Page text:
An investigation by the Wall Street Journal this year confirmed the allegations made by the World Socialist Web Site that Google operated internal blacklists of websites that it sought to keep users from accessing in search results. Facebook and Twitter followed Google’s actions, removing left-wing political accounts and pages with millions of followers on the grounds that they were “inauthentic.”
The Trump administration’s Federal Communications Commission has moved ahead with the gutting of net neutrality, giving private corporations a legal cover to censor and tamper with political speech at will.
Last year, Germany passed the so-called NetzDG law, which threatens to fine internet companies that fail to remove “illegal content,” turning, as Human Rights Watch wrote, “private companies into overzealous censors.”
The Spanish government is pushing through a law that allows the state to shut down at will digital communications, internet infrastructure and apps without a court order. The law follows a similar measure passed in France last year, spelling out massive fines for disseminating “any allegation or implying of a fact without providing verifiable information.”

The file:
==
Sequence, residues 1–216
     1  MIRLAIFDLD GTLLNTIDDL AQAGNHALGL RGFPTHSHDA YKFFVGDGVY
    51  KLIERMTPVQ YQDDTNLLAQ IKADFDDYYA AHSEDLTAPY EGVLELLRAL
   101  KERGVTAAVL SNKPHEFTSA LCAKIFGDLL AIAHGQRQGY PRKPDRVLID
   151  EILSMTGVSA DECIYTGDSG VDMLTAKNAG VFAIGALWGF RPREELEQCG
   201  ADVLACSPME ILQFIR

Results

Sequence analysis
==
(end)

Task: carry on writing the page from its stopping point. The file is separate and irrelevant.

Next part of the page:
The efforts to curtail the distribution of critical political viewpoints go beyond even these draconian censorship measures.
The British government has, at the direction of the Trump administration and with the full support of the Democratic Party, detained and isolated WikiLeaks publisher Julian Assange, under conditions that UN human rights expert Nils Melzer has called tantamount to torture.
The US has also imprisoned whistleblower Chelsea Manning without charge. Both of these courageous individuals are being persecuted for nothing other than telling the truth about criminal wrongdoing by the US government.